Well, for the present, I shall simply repeat remarks that concluded my essay on Caritas in Veritate, published more than a year ago (in two parts: One and Two). That essay focuses primarily on Pope Benedict XVI’s account of justice as a minimal condition of charity and seeks to locate that profound and convincing theology within a broader account of human nature. This focus explains why so few readers suffered through to the end. But, at the end, I noted how odd I found the Pope’s optimism regarding international political institutions and how inadequate the accusation of “relativism” is regarding the absolutist and immanentist managerial elite that populates the political class of Europe, the United Nations, and most of the Americas. I wrote:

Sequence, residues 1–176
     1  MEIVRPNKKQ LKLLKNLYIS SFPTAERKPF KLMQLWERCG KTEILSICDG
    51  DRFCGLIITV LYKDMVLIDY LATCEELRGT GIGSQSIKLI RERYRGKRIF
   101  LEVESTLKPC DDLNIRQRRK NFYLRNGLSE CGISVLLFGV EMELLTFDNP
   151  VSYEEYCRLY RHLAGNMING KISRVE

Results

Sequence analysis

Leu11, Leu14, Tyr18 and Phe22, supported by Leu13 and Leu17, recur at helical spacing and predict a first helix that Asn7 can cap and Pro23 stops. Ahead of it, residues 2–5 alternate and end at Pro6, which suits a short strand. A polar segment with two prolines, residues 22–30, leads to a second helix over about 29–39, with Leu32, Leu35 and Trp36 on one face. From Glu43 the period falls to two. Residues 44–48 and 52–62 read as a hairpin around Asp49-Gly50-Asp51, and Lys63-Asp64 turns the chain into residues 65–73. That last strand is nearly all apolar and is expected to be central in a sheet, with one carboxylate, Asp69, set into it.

Benedict is “aware of the ways in which charity has been and continues to be misconstrued and emptied of meaning, with the consequent risk of being misinterpreted, detached from ethical living, and, in any event, undervalued.” As the later pages of the encyclical outline, a charity rooted in technocratic systems that neglect the fullness of personhood results in the soul-destroying subsidies of the welfare state, in which a state incapable of love provides the necessities of physical life to masses it leaves to rot spiritually in marginalized housing projects. Charity of this sort does not care how its object lives, only that it has received the necessary quotas to sustain life—it sustains biological cells, but does not nourish persons. Further, because our age lacks almost entirely in a sense of the unconditional dignity of the human person, it often advocates fiercely for arbitrary rights to hedonism and immoral license, while failing to respect “the right to life and to a natural death.” In willfully blinding himself to the true image of the human person, modern man transforms the actions of charity into grave evils and tawdry and frivolous perversions. At its best, charity without truth “degenerates into sentimentality.” That is, it manifests itself as soft expressions of good will utterly lacking in intelligible content or sustained direction.